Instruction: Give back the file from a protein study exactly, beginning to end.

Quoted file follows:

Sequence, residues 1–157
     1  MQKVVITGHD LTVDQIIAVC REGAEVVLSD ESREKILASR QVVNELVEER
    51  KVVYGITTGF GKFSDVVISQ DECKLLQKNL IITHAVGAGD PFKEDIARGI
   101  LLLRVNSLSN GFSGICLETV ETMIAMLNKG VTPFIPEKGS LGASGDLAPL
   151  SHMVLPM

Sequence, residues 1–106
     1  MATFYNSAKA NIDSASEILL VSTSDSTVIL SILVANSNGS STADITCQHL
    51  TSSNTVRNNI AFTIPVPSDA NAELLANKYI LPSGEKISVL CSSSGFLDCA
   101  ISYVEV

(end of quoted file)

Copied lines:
Sequence, residues 1–157
     1  MQKVVITGHD LTVDQIIAVC REGAEVVLSD ESREKILASR QVVNELVEER
    51  KVVYGITTGF GKFSDVVISQ DECKLLQKNL IITHAVGAGD PFKEDIARGI
   101  LLLRVNSLSN GFSGICLETV ETMIAMLNKG VTPFIPEKGS LGASGDLAPL
   151  SHMVLPM

Sequence, residues 1–106
     1  MATFYNSAKA NIDSASEILL VSTSDSTVIL SILVANSNGS STADITCQHL
    51  TSSNTVRNNI AFTIPVPSDA NAELLANKYI LPSGEKISVL CSSSGFLDCA
   101  ISYVEV